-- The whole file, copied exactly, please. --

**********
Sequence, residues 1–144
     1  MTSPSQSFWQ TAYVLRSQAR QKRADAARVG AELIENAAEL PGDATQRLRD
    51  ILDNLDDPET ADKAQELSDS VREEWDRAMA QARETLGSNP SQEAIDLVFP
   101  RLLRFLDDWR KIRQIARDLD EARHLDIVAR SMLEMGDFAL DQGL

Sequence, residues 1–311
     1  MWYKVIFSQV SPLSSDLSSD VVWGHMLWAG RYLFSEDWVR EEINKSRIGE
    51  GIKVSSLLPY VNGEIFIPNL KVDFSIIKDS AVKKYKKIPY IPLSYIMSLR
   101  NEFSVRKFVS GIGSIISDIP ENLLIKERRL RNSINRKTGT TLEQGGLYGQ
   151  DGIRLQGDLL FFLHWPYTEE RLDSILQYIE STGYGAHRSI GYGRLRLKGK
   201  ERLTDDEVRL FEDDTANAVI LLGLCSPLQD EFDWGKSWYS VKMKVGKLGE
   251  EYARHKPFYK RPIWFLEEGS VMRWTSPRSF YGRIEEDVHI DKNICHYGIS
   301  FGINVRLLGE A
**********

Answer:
Sequence, residues 1–144
     1  MTSPSQSFWQ TAYVLRSQAR QKRADAARVG AELIENAAEL PGDATQRLRD
    51  ILDNLDDPET ADKAQELSDS VREEWDRAMA QARETLGSNP SQEAIDLVFP
   101  RLLRFLDDWR KIRQIARDLD EARHLDIVAR SMLEMGDFAL DQGL

Sequence, residues 1–311
     1  MWYKVIFSQV SPLSSDLSSD VVWGHMLWAG RYLFSEDWVR EEINKSRIGE
    51  GIKVSSLLPY VNGEIFIPNL KVDFSIIKDS AVKKYKKIPY IPLSYIMSLR
   101  NEFSVRKFVS GIGSIISDIP ENLLIKERRL RNSINRKTGT TLEQGGLYGQ
   151  DGIRLQGDLL FFLHWPYTEE RLDSILQYIE STGYGAHRSI GYGRLRLKGK
   201  ERLTDDEVRL FEDDTANAVI LLGLCSPLQD EFDWGKSWYS VKMKVGKLGE
   251  EYARHKPFYK RPIWFLEEGS VMRWTSPRSF YGRIEEDVHI DKNICHYGIS
   301  FGINVRLLGE A